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The Littlest Victims Of the Mortgage Crisis

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By Brigid Schulte
Washington Post Staff Writer
Monday, November 17, 2008

The long arm of the global financial crisis reached down into Morena Parada's preschool classroom, where a little girl named Joeli Arias-Lopez painted bright green and orange splotches on an oversize easel and pronounced it a house.

The 4-year-old was blissfully unaware that her school, the Child and Family Network Center, stays open in this converted warehouse with a grant from the now-foundering Freddie Mac Foundation. Or that without that money, which was expected last month, her school, filled with bright puzzles, toys, blocks and dedicated teachers, might end the year early or close down altogether.

For 15 years the Freddie Mac Foundation, one of the largest corporate donors in the Washington region, has helped this little preschool, which charges nothing and serves about 150 needy children at six locations in Alexandria and Arlington County, stay afloat. But when the government announced in September that it had taken over the mortgage-finance giant to avert a collapse, officials put all charitable grants on hold, just two days before the preschool's grant was expected to be approved.

Now the preschool is in limbo. No one can tell its officials when or whether their grant, and those of several other area organizations that work primarily to help children and families, will come through.

"Which of these kids do you want to tell can't have an education?" asked Steve Nearman, the preschool's board chairman, watching Joeli paint as other classmates sang "Twinkle, Twinkle, Little Star," played with blocks or traced butterflies with stencils. "They're not widgets. They're children. They're lives. They're the future of our community."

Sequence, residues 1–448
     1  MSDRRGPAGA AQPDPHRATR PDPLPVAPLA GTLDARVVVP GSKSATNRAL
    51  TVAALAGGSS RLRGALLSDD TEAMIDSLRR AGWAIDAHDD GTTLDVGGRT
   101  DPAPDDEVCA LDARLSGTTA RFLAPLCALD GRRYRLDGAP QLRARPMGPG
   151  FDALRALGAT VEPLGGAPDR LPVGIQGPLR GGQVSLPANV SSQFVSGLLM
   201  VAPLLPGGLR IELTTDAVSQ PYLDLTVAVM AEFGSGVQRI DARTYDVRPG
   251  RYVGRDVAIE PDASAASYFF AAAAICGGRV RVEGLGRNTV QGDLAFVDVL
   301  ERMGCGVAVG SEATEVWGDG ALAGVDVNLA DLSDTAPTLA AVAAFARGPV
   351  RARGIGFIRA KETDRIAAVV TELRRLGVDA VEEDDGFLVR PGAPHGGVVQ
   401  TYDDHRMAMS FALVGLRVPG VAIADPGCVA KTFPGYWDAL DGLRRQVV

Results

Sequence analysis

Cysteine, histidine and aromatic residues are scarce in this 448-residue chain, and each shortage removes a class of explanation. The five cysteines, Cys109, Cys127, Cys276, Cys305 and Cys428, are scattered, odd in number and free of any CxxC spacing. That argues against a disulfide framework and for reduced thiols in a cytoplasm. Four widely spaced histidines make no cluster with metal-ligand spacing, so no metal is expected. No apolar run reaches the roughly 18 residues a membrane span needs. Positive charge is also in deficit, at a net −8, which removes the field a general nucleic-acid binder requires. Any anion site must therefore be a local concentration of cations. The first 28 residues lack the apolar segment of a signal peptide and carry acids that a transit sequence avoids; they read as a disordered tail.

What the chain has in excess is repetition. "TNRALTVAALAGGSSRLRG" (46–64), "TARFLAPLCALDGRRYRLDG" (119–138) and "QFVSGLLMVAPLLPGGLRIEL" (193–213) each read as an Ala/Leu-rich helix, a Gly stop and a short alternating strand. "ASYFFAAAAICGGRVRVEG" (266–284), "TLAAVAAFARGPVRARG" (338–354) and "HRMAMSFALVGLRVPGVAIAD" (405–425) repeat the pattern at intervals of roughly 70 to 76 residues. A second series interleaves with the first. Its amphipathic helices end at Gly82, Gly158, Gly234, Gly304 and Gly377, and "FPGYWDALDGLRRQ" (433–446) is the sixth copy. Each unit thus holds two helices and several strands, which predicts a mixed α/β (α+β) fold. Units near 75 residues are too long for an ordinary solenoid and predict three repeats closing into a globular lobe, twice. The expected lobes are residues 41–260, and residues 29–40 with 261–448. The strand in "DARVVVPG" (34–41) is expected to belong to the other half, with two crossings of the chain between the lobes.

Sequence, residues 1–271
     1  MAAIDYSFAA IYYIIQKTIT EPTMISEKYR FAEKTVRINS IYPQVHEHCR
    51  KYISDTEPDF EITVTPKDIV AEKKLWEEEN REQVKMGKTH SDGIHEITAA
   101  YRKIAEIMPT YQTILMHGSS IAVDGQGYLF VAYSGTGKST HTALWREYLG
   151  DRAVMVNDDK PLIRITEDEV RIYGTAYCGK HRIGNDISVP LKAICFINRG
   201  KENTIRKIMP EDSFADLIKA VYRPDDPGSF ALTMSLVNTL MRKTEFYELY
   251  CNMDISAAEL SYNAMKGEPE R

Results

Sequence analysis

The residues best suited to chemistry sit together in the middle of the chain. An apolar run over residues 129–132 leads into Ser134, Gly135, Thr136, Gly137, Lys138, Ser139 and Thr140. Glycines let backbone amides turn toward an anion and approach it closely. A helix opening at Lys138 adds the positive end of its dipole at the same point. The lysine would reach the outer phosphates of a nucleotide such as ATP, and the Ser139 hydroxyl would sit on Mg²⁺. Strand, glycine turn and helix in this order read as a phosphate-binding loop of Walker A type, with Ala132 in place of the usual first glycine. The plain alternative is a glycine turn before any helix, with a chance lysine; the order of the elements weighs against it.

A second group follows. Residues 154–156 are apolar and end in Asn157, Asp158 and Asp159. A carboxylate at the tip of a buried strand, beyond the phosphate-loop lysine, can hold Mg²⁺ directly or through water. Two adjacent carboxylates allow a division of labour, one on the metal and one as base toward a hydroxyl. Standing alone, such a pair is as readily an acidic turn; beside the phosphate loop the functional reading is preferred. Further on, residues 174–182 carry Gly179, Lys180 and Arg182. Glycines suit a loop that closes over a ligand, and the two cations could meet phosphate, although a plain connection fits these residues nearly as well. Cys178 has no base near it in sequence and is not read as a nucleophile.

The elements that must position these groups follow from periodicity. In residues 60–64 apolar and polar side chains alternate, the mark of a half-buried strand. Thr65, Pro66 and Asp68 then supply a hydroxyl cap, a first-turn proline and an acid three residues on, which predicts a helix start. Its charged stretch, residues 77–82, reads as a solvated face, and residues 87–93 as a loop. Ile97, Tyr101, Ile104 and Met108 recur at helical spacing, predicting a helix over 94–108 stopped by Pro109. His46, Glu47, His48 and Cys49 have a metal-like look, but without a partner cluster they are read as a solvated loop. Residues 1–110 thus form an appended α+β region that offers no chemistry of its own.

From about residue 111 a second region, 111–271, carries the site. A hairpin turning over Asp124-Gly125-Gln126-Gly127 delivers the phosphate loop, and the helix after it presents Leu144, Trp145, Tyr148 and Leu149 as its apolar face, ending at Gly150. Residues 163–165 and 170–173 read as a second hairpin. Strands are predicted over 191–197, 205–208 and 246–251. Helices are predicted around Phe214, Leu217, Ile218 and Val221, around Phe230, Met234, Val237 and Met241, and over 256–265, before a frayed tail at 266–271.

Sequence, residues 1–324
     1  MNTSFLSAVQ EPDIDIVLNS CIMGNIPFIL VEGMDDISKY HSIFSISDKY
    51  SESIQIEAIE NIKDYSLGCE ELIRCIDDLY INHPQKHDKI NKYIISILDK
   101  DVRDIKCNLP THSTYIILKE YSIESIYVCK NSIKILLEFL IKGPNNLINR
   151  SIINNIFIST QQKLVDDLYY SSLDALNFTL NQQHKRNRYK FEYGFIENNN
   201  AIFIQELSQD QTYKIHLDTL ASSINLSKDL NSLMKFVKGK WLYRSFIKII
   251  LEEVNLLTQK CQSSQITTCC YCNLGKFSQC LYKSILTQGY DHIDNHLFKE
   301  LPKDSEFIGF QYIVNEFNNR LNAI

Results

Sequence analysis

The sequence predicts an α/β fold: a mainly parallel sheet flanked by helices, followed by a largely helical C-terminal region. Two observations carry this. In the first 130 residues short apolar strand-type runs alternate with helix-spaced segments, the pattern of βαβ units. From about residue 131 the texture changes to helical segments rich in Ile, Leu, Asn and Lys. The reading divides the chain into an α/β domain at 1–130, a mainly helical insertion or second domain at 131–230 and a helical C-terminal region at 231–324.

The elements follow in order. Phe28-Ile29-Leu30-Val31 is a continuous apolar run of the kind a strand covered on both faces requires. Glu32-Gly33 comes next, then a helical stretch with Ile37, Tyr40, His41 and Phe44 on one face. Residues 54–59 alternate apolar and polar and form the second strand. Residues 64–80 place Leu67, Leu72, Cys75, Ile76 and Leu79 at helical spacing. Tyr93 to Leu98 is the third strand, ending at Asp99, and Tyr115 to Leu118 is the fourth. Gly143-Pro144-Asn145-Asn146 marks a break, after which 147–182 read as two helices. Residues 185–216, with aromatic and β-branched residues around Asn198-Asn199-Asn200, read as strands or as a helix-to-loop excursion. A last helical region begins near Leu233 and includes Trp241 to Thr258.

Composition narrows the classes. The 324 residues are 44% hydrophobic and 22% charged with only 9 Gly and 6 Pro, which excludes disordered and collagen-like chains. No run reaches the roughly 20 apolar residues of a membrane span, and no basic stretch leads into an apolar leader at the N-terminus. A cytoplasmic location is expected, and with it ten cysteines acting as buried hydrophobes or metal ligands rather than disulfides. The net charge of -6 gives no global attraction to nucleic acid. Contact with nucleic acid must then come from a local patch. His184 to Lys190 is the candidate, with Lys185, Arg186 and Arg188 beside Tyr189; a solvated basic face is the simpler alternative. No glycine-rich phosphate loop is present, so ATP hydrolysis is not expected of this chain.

The board is also considering cutting back on social work services it provides to help families become self-sufficient, scaling back English classes for parents or closing the school early, Nearman said. The school year normally ends late in June. Without Freddie Mac's $250,000, or about 14 percent of the school's $1.8 million budget, the school might be lucky to make it to March. And with the economic downturn affecting everyone's bottom line and donation habits, school officials don't count on anyone else to pick up the slack.

Chief Operating Officer Lee Jackson has a stack of bills on his desk. He pays the ones he must, such as the mortgage, utilities and food for the children's meals. The others he "prioritizes."

"People think about the financial crisis, and they think about corporate executives," said Barbara Fox Mason, the preschool's director. "They don't realize how it's affecting people from the other side of the street."

The Freddie Mac money is usually the one donation Mason can depend on. In July, as in previous years, Mason met with a Freddie Mac official to craft the school's grant proposal. Two days later, Freddie Mac called and told her to expect $350,000. Although she had submitted a grant proposal for that amount, to be conservative, Mason budgeted $250,000, which is what the school had received in previous years. "It wasn't irresponsible of us to put in our budget what they typically give us," she said. "They were the rock. No one saw this coming."

In early September, Mason was gathering the documentation required as part of the grant process, including information showing the school's success. (Independent bench marks show the preschool's students, who often start far behind their peers, progress at twice the national average through the year.)

Then, Sept. 9, two days after the federal government announced the Fannie Mae and Freddie Mac takeovers, Mason got a call on her cellphone saying the Sept. 11 board meeting to approve grants had been postponed. And she hasn't heard anything since. "We're under conservatorship, and as the conservator said in September, they're reviewing our charitable investments, both for the company and the foundation," said Shawn Flaherty, spokeswoman for the Freddie Mac Foundation. "Final decisions haven't been made. It's an ongoing process."

With the delay, Mason was forced to ask the City of Alexandria to release about $150,000 earmarked for the preschool now rather than in January. Those funds will keep the lights on through March, Mason said. "Otherwise, we couldn't make it."


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